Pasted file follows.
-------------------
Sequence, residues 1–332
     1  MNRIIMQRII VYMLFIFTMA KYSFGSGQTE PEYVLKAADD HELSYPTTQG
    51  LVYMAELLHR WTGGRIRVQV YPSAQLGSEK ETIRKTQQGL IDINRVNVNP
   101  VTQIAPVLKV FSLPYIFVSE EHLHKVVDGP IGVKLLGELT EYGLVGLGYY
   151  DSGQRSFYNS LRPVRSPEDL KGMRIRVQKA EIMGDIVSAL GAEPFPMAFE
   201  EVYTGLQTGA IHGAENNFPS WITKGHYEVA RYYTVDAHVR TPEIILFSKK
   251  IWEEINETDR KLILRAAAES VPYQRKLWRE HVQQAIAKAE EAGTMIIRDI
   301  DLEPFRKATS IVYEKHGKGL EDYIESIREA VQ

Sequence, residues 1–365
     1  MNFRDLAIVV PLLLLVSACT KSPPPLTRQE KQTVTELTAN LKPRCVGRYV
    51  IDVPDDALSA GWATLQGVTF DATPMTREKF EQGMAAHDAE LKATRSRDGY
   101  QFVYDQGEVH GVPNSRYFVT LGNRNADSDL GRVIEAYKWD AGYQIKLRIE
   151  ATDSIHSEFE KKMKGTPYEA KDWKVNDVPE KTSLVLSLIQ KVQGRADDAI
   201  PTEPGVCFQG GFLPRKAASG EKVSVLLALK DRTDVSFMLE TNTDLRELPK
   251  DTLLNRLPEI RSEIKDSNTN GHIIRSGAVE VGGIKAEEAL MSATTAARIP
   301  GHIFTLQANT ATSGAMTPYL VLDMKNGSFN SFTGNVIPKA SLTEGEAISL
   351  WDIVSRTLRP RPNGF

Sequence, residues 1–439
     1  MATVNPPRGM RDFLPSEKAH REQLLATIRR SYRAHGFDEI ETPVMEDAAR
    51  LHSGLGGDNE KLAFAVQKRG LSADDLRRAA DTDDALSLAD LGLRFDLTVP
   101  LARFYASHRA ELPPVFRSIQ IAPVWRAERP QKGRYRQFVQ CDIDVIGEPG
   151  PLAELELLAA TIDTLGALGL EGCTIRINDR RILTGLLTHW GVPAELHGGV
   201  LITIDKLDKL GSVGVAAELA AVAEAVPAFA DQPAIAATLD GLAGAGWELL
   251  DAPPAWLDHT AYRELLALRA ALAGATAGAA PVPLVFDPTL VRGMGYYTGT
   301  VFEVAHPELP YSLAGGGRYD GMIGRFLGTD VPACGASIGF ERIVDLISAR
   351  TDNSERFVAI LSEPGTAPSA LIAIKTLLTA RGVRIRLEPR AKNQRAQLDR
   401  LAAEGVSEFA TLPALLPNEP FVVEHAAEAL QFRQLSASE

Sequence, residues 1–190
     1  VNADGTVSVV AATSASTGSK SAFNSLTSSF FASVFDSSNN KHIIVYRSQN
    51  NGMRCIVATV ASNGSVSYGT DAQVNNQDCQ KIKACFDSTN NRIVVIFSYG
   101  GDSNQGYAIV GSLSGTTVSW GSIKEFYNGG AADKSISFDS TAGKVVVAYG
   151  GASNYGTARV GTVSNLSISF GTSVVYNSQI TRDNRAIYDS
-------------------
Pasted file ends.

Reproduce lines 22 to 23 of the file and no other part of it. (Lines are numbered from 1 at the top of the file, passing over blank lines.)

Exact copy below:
   151  PLAELELLAA TIDTLGALGL EGCTIRINDR RILTGLLTHW GVPAELHGGV
   201  LITIDKLDKL GSVGVAAELA AVAEAVPAFA DQPAIAATLD GLAGAGWELL